Young Frankenstein tells the story of Dr. Frankenstein (pronounced Frank-en-steen) as he journeys to his infamous grandfather’s Transylvanian estate and connects with the work that cast a shadow over the familial legacy: the re-animation of the dead.
Of course, this being a Mel Brooks film, it is absolutely chuck-full of hijinks, gags, one-liners, and other hilarity. Even in black and white the film is so captivating and hilarious that after a little while, you don’t even notice anymore. Gene Wilder is at peak form, and this has to be my second favorite performance, considering few roles could ever outdo his iconic Willy Wonka. Still, he is incredible as Dr. Frankenstein, who makes a monster of his own (played by the beloved late Peter Boyle) with hilariously disastrous results.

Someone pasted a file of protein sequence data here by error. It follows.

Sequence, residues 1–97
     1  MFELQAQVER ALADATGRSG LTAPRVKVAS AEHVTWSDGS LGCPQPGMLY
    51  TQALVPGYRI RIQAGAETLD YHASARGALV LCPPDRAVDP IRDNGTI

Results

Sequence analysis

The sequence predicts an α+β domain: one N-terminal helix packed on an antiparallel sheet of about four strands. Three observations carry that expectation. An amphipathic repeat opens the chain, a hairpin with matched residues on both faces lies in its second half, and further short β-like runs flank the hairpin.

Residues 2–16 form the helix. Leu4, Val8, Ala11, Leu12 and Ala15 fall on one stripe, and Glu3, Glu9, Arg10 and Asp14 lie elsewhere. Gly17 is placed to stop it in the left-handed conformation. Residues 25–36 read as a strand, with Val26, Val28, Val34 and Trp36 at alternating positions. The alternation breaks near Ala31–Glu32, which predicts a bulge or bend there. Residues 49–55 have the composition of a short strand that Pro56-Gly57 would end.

Still I would say not only the scene-stealer, but the film-stealer has to be Marty Feldman’s Igor (pronounced eye-gor). Literally every joke is one-the-nose hilarious and he is absolutely the star of this film. Madeline Kahn is beautiful and hilarious as Wilder’s companion and they work off each other remarkably well. Still every reaction and every joke made by Feldman made this movie perfect for me.
In true Brooks fashion the comedy is edgy for 1974, and yet utterly clever. This movie takes on the horror genre just as effectively as Blazing Saddles (which I previously reviewed by the way) took on the Western genre. It takes biting satire and applies it to an entire sub-series of film and it does so incredibly well. The dry, satirical approach that came to define Brooks’ career is at it’s peak here, which explains why he always said this one was his favorite.
Long Live Gene Wilder. Long Live Peter Boyle. Long Live Marty Feldman. And Gene Hackman is still alive, but he’s fantastic in this as well, so Long Live Hackman too.
Amy’s Recommendation: 9/10